Somalia Started Vaccinating Its Population

On Monday, Minister of Health, Dr. Fawsiya Abikar Nur, accompanied by the United Nations Special Representative for Somalia, Mr. James Swan, received the delivery of 30,000 doses at the Aden-Ade airport in Mogadishu.

Somalia received the first shipment of 1.2 million doses facilitated through the World Health Organization’s COVAX initiative.

The AstraZeneca-Oxford COVID-19 vaccine, produced in India, made headlines this week after health experts raised the alarm about the risk of a blood clot the vaccine can cause in women under 55.

Several European countries, including Germany, Norway, Italy and France, have temporarily suspended it so that health experts have time to verify the claims of risks to the population.

Now that experts have said the AstraZeneca COVID-19 vaccine poses minimal health risk, countries have started using it again.

This good news was received with relief in Somalia, which lacks the health experts and laboratories capable of verifying the potential risks of the vaccine and lacks the capacity to purchase other variants from other countries.

However, the government did not wait to distribute the doses between the regions and even started administering it to the population, starting with the president on Tuesday.

The government has released a schedule for vaccine distributions in Mogadishu’s districts and is working to vaccinate on priority the most vulnerable and frontline workers.

COVID-19 has hit Somalia hard in recent weeks and is responsible for the deaths of several political figures, including the former president Ali Mahdi. So far, the number of COVID-19 cases registered in the country reached close to 10,000 of whom half of them were cured and around 450 people were recorded as died of complications.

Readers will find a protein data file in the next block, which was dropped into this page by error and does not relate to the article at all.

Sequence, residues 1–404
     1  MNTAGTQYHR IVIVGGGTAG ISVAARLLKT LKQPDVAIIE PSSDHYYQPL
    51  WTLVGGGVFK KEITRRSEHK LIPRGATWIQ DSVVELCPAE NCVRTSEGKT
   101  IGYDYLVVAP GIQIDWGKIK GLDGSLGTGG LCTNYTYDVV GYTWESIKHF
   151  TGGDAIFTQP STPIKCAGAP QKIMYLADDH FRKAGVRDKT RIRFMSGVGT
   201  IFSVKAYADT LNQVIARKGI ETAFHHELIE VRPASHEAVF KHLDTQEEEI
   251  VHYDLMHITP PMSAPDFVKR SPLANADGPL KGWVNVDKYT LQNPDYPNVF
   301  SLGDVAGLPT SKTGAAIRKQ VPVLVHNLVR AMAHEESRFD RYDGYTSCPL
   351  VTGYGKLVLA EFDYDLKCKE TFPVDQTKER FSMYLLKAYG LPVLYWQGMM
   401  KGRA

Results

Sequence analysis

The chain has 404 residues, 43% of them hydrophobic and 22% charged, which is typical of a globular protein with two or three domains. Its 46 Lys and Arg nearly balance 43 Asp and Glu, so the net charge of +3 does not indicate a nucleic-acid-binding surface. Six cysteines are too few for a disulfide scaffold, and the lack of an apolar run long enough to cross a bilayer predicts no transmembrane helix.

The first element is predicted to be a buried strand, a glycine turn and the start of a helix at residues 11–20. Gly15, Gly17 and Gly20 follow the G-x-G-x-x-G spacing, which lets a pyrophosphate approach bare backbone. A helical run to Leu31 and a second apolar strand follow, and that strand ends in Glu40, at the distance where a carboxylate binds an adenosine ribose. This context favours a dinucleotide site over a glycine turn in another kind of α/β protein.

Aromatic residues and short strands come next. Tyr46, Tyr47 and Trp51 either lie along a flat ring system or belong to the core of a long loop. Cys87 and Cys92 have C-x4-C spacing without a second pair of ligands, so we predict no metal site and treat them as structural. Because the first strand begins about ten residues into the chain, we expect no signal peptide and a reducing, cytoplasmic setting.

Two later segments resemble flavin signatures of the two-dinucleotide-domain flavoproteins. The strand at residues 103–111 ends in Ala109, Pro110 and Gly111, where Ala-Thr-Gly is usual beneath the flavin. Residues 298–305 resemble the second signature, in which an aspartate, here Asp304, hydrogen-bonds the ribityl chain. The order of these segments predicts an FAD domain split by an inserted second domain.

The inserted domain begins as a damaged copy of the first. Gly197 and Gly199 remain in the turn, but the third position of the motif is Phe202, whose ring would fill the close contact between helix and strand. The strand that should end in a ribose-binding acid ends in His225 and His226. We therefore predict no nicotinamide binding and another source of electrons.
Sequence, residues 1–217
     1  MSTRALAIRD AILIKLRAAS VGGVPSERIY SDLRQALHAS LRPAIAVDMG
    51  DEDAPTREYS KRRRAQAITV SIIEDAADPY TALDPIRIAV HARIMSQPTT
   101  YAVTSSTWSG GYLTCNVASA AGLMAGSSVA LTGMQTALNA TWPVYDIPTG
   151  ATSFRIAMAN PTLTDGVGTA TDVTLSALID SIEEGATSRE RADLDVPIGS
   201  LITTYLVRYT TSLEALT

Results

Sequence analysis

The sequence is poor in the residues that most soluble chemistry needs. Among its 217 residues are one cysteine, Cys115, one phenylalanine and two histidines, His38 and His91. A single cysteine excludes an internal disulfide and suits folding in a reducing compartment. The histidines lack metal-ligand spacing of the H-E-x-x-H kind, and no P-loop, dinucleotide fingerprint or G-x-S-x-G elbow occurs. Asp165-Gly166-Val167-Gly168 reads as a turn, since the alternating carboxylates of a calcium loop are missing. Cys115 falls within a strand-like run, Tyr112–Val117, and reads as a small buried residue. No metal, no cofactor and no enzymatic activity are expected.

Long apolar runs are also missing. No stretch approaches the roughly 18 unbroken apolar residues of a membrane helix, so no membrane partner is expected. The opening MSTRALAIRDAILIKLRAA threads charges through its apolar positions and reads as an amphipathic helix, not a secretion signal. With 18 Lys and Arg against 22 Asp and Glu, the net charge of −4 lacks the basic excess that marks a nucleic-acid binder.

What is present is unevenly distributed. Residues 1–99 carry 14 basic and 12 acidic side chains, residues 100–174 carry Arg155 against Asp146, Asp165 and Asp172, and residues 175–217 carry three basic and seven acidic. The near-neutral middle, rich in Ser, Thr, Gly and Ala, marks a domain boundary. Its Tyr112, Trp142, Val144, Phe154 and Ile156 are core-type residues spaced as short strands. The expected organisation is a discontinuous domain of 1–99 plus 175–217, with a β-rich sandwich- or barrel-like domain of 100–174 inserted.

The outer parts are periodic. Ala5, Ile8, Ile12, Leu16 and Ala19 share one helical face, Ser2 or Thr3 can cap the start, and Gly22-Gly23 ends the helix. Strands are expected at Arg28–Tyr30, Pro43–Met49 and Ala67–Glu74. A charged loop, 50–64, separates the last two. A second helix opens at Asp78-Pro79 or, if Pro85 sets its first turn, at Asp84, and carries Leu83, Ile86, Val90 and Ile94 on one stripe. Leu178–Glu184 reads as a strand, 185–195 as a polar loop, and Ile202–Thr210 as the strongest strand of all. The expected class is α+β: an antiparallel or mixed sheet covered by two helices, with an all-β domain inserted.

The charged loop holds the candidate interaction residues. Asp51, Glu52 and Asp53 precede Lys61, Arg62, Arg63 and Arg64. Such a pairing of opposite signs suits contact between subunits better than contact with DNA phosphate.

Authorities have taken measures to contain the pandemic like closing schools and other public places, making face masks mandatory, and launching awareness campaigns on the risk of the corona virus, advocating social distancing and frequent hand washing.

In general, the measures were followed, with difficulty for some, and the police were present in the streets of Mogadishu to issue fines to violators.

Due to the fragmentation of the country, and the fact that some local authorities, such as in the North, do not follow the directives of the federal health ministry, the challenges in containing the spread of the disease are enormous.

In Hargeysa where strong public awareness interventions are non-existent, Vice-President Abdirahman Saylici contracted the virus and shared the news with the population urging them to protect themselves.